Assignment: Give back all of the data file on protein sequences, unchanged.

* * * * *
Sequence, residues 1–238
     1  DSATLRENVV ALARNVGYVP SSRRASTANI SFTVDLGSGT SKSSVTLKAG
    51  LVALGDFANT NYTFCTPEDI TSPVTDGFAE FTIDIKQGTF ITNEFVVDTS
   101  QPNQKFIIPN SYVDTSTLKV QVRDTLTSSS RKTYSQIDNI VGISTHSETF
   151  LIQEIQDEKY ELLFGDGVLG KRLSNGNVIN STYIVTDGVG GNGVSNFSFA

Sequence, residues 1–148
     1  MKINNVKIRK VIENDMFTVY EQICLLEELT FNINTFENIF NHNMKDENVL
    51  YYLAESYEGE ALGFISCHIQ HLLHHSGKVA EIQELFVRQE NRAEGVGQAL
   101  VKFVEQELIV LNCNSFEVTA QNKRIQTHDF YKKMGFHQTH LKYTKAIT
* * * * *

Sequence, residues 1–238
     1  DSATLRENVV ALARNVGYVP SSRRASTANI SFTVDLGSGT SKSSVTLKAG
    51  LVALGDFANT NYTFCTPEDI TSPVTDGFAE FTIDIKQGTF ITNEFVVDTS
   101  QPNQKFIIPN SYVDTSTLKV QVRDTLTSSS RKTYSQIDNI VGISTHSETF
   151  LIQEIQDEKY ELLFGDGVLG KRLSNGNVIN STYIVTDGVG GNGVSNFSFA

Sequence, residues 1–148
     1  MKINNVKIRK VIENDMFTVY EQICLLEELT FNINTFENIF NHNMKDENVL
    51  YYLAESYEGE ALGFISCHIQ HLLHHSGKVA EIQELFVRQE NRAEGVGQAL
   101  VKFVEQELIV LNCNSFEVTA QNKRIQTHDF YKKMGFHQTH LKYTKAIT